where $\delta \prod =0$, hence:

(12)

$\frac{\partial \mathrm{\Pi}}{\partial {a}_{3}}\mathrm{\delta}{a}_{3}+\frac{\partial \mathrm{\Pi}}{\partial {a}_{4}}\mathrm{\delta}{a}_{4}=0.$
Then:

(13)

$\frac{\partial \mathrm{\Pi}}{\partial {a}_{3}}=\frac{E{I}_{y}}{2}{\int}_{0}^{H}2(2{a}_{3}+6{a}_{4}z)2dz-\frac{{K}_{0}\mathrm{\gamma}L}{2}{\int}_{0}^{H}{z}^{3}dz=0,$
(14)

$\frac{\partial \mathrm{\Pi}}{\partial {a}_{4}}=\frac{E{I}_{y}}{2}{\int}_{0}^{H}2(2{a}_{3}+6{a}_{4}z)6zdz-\frac{{K}_{0}\mathrm{\gamma}L}{2}{\int}_{0}^{H}{z}^{4}dz=0.$
After the integral of Eq. (13), the solution takes the form:

(15)

$2{a}_{3}+3{a}_{4}H=\frac{3{K}_{0}\mathrm{\gamma}{H}^{3}}{4E{L}^{2}}.$
After the integral of Eq. (14), the solution takes the form:

(16)

${a}_{3}+2{a}_{4}H=\frac{{K}_{0}\mathrm{\gamma}{H}^{3}}{5E{L}^{2}}.$
According to Eq. (15) and (16), the solutions of ${a}_{3}$ and ${a}_{4}$ are:

(17)

${a}_{3}=\frac{9{K}_{0}\mathrm{\gamma}{H}^{3}}{10E{L}^{2}},{a}_{4}=-\frac{7{K}_{0}\mathrm{\gamma}{H}^{2}}{20E{L}^{2}}.$
Substituting (17) in (4), then Eq. (4) takes the form:

(18)

$s\left(z\right)={a}_{3}{z}^{2}+{a}_{4}{z}^{3}=\frac{9{K}_{0}\gamma {H}^{3}}{10E{L}^{2}}{z}^{2}-\frac{7{K}_{0}\gamma {H}^{2}}{20E{L}^{2}}{z}^{3}=\frac{{K}_{0}\gamma {H}^{2}}{10E{L}^{2}}\left(9H{z}^{2}-\frac{7}{2}{z}^{3}\right).$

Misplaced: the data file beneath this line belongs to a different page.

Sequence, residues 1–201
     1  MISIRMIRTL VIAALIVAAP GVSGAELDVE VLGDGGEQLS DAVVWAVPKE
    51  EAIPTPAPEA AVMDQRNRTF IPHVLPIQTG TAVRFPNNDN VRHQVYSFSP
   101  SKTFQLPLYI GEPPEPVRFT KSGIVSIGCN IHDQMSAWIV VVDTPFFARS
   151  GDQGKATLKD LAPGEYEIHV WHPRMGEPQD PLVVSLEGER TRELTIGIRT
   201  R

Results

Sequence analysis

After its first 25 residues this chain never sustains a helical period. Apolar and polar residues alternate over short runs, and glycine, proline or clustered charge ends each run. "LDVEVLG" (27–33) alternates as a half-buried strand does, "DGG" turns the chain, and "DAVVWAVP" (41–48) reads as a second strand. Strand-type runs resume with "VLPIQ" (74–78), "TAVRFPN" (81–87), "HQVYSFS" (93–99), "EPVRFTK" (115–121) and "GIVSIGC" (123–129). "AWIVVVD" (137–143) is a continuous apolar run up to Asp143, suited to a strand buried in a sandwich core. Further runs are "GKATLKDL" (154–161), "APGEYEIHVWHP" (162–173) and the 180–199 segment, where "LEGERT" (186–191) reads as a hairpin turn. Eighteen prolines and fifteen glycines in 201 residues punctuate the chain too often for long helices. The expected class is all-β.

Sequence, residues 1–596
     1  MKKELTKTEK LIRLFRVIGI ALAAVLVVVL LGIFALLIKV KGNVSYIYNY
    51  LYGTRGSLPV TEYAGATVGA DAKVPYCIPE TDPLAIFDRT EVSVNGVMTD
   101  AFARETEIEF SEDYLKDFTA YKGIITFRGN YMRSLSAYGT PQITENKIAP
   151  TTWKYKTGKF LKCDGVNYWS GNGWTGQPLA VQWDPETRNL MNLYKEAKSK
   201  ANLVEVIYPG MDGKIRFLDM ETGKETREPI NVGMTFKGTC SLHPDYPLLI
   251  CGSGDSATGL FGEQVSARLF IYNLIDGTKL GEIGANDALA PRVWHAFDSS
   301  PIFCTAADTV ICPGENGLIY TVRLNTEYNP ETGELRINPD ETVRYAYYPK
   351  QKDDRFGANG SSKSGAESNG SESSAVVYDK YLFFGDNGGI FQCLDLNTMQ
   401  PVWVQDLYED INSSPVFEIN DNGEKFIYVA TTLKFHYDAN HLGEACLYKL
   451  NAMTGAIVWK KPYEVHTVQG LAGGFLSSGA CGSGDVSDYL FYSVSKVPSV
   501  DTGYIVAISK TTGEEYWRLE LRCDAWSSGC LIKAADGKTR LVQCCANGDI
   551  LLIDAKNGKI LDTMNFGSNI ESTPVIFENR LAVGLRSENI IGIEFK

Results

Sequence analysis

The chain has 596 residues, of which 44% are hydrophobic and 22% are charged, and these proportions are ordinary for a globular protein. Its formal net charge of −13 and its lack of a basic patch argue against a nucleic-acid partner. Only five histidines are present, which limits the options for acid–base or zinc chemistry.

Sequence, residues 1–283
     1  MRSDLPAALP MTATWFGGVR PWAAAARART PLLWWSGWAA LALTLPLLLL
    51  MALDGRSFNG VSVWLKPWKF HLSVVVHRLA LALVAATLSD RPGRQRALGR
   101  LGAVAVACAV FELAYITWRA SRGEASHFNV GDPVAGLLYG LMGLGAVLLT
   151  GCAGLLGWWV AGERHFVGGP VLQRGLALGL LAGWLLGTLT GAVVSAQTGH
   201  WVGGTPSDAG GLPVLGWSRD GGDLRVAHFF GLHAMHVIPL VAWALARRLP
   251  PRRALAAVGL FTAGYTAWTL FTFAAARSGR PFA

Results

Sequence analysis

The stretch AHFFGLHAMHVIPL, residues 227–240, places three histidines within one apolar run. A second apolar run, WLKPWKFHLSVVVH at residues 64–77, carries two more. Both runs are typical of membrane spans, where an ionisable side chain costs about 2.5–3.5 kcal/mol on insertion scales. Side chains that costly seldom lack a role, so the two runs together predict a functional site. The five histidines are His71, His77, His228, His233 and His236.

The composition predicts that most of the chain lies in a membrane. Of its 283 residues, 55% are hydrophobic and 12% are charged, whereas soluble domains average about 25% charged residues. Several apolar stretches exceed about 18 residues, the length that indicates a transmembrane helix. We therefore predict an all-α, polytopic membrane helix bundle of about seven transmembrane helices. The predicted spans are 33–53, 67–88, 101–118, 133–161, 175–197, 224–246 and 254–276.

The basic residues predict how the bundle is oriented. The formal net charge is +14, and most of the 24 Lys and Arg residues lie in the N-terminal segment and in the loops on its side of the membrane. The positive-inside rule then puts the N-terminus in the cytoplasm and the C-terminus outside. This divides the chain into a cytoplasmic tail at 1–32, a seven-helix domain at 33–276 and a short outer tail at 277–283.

The geogrid reinforced soil retaining wall is assumed to be an isotropic elastic structure, and it is shown in Fig. 2.

**Fig. 2. **
Idealized isotropic horizontal system of reinforced soil

Deformations of reinforced wall are caused by pure bending and pure shear, and the horizontal deformation caused by pure shear is:

(19)

${s}_{z}=\frac{{K}_{0}\gamma}{6GL}\left({H}^{3}-{z}^{3}\right),$
where $G$ is the shear modulus of the reinforced soil retaining wall. So, the deformation caused by pure bending and pure shear is:

(20)

$s=\frac{{K}_{0}\gamma {H}^{2}}{10E{L}^{2}}\left(9H{z}^{2}-\frac{7}{2}{z}^{3}\right)+\frac{{K}_{0}\gamma}{6GL}\left({H}^{3}-{z}^{3}\right).$
Here $E$ can be calculated as:

(21)

$E=\left[\frac{1-t}{1-{v}_{s}^{2}}+\frac{t{E}_{r}}{1-{v}_{r}^{2}}\right]\left(1-{v}^{2}\right).$
Here $v$ can be calculated as:

(22)

$v=\frac{\frac{t{v}_{r}{E}_{r}}{1-{v}_{r}^{2}}+\frac{\left(1-t\right){v}_{s}{E}_{s}}{1-{v}_{s}^{2}}}{\frac{\left(1-t\right){E}_{s}}{1-{v}_{s}^{2}}+\frac{t{E}_{r}}{1-{v}_{r}^{2}}},$
where ${E}_{r}$ is the elastic modulus of geogrid, ${v}_{r}$ is Poisson’s ratio of geogrid, ${E}_{s}$ is the elastic modulus of soil, ${v}_{s}$ is Poisson’s ratio of soil, $\mathrm{m}$is the thick of geogrid, $\mathrm{t}$is the thick ratio of geogrid and $t=\frac{\sum m}{H}$.

Because Rayleigh method can be applied to solve dynamic deformations of structures, so, based on the above results, seismic residual deformation will be deduced by Mononobe-Okabe pseudo-static method.